Asthma Triggers: Gain Control
About molds and asthma
Molds are microscopic fungi that live on plant and animal matter. Molds can be found almost anywhere when moisture is present.
Molds create tiny spores to reproduce, just as plants produce seeds. Mold spores float through the indoor and outdoor air continually. When mold spores land on damp places indoors, they may begin growing.
For people sensitive to molds, inhaling mold spores can trigger an asthma attack.
Actions you can take
- If mold is a problem in your home, you need to clean up the mold and eliminate sources of moisture.
- If you see mold on hard surfaces, clean it up with soap and water. Let the area dry completely.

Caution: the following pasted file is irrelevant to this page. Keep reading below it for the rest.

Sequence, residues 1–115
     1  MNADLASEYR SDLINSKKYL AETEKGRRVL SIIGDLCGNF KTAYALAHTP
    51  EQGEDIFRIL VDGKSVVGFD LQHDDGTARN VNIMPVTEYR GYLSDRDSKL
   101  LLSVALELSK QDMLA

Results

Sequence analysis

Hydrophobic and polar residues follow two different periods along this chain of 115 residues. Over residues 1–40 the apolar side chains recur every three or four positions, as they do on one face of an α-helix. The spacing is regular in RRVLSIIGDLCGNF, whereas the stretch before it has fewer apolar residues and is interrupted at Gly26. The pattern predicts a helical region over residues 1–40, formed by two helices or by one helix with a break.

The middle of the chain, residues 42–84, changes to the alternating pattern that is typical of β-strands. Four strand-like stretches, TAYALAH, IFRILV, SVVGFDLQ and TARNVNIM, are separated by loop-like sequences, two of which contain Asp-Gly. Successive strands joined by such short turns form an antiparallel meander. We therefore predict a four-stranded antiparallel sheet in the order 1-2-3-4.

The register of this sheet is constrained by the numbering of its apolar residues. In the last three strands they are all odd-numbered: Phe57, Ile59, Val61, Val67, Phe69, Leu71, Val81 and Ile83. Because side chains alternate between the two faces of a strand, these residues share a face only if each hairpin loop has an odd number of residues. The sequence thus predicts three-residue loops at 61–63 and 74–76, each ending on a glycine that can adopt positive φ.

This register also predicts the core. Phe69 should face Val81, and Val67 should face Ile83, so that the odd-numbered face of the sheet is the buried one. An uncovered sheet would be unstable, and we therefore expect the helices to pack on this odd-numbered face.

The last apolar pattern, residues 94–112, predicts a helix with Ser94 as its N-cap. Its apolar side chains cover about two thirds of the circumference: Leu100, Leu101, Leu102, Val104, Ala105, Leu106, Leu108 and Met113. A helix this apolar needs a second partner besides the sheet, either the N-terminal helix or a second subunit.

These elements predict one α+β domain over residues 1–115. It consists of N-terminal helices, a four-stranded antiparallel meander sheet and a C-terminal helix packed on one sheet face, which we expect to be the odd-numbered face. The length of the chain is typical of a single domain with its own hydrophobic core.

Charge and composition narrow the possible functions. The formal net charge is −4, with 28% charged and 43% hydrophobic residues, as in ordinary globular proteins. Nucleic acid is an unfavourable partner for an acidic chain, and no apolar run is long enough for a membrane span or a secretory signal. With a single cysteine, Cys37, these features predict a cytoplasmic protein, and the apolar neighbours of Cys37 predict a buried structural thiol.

- Use exhaust fans or open a window in the bathroom and kitchen when showering, cooking or washing dishes.
- Fix water leaks as soon as possible to keep mold from growing.
- Dry damp or wet things completely within one to two days to keep mold from growing.
- Maintain low indoor humidity, ideally between 30-50% relative humidity. Humidity levels can be measured by hygrometers, which are available at local hardware stores.
|A Brief Guide to Mold, Moisture and Your Home
This Guide provides information and guidance for homeowners and renters on how to clean up residential mold problems and how to prevent mold growth.
See also, EPA's Mold and Moisture Program
|Flood Cleanup and the Air In Your Home (PDF) (15 pp., 1.6 M)
|Indoor Air Facts No. 8 Use and Care of Home Humidifiers (PDF) (3 pp., 33 K)
Explains that some types of home humidifiers can disperse microorganisms from their water tanks into the indoor air. Describes the different types of humidifiers and provides recommendations for their use and maintenance.